Table 3.4-1. Common Environment Variables 
Variable  Meaning 
The absolute path to the user's home directory. 
The internal field separator characters. Usually contains space, tab, and newline. 
A colon separated list of directories to search through when trying to execute a command. 
The strings to use as the primary, PS1 ($), and secondary prompts, PS2 (>). 
The current working directory. 
The absolute path to the executable that is being run as the current shell session. 
The name of the current account. 

Changing an environment variable is as easy as assigning it a new value.  As an example, the current directory could be appended to PATH's value.  Doing so would allows a user to execute programs in the current directory without specifying a fully qualified path to the executable.

$ echo ${PATH}
$ echo ${PATH}

3.5 Special Parameters

In addition to predefining environment variables, the shell accepts a set of built-in variables known as special parameters. There are two types. The first type provides a method for accessing a set of arguments. When a command is issued at the prompt or a function is called, it often takes a set of parameters that define what it operates on or how to perform its operations. The script or function retrieves this argument list by using the positional parameters.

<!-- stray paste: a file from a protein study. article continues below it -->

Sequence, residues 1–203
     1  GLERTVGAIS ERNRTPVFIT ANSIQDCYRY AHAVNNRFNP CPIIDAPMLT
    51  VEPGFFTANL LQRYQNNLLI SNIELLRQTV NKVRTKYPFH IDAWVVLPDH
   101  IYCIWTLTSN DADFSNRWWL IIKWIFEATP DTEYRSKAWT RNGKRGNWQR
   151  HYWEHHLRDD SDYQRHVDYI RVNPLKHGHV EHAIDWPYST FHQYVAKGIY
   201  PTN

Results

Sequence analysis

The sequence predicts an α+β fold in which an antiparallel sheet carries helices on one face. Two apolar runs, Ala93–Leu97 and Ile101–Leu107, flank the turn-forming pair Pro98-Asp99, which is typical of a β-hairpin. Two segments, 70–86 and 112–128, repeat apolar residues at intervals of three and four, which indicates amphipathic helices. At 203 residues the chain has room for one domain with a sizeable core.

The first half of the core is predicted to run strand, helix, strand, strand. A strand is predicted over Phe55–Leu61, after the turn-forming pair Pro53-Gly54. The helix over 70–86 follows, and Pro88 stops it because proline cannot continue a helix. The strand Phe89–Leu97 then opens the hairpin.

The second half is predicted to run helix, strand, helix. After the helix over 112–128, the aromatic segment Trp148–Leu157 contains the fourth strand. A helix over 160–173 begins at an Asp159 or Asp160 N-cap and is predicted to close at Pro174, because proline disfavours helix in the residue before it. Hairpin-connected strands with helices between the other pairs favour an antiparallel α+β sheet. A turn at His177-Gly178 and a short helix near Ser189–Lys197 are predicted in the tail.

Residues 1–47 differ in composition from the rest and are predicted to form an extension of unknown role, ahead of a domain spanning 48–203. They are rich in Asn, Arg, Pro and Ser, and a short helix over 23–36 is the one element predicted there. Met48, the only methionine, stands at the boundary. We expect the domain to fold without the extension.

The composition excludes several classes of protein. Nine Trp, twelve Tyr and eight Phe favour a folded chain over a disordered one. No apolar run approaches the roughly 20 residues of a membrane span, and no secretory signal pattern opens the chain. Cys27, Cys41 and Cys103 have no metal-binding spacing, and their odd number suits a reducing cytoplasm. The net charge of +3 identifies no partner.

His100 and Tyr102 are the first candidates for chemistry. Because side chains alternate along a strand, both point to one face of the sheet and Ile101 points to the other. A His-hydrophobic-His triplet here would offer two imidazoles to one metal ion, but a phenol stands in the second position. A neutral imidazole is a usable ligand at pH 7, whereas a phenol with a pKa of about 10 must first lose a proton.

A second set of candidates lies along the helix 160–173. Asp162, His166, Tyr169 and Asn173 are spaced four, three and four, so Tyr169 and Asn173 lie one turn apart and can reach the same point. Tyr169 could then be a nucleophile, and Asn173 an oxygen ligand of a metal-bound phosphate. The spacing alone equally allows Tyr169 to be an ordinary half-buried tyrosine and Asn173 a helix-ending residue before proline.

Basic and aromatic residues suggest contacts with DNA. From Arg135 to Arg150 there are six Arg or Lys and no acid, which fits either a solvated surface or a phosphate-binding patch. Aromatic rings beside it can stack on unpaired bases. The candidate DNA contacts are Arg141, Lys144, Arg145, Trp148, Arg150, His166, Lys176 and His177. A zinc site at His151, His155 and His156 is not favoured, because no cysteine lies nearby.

$ cat show-pos-params
echo ${1} ${2} ${3} ${4} ${5} ${6} ${7} ${8} ${9}
$ show-pos-params testing 1 2 3 ...
testing 1 2 3 ...
$ show-pos-params One, two, buckle your shoe, three four shut the door
One, two, buckle your shoe, three four shut the
There are nine positional parameters available, and each is accessible by dereferencing the argument number. The script show-pos-params listed above demonstrates how to use the positional parameters. The example also shows that only nine arguments can be handled by a script, or a function, at any time. In the second invocation of show-pos-params, the tenth argument, door, does not get printed. It has not vanished and is still available to the script; it is just not readily available via the positional parameters. This could be remedied by shifting the positional parameters so that door moved from the tenth to the ninth position. Shifting is discussed in Section 6, Looping.

An astute reader might now ask about ${0}. Zero is a special positional parameter. It always holds the name of the executing program. Usually, it also includes a path to the program.

$ cat show-pos-param-0
echo "This script's name is ${0}"
$ show-pos-param-0
This script's name is ./show-pos-param-0
The second set of special parameters look a little strange. They seem more like punctuation than variables because each special parameter is a symbol. They are, however, extremely useful for manipulating arguments, processes, and even the currently executing shell.
Table 3.5-1. The Special Shell Parameters 
Parameter  Usage 
The number of arguments passed to the shell or the number of parameters set by executing the set command. 
Returns the values of all the positional parameters as a single value. 
Same as $* except when double qouted it has the effect of double quoting each parameter. 
Returns the process id of the current shell session or executing script. 
Returns the process id of the last program sent to the background.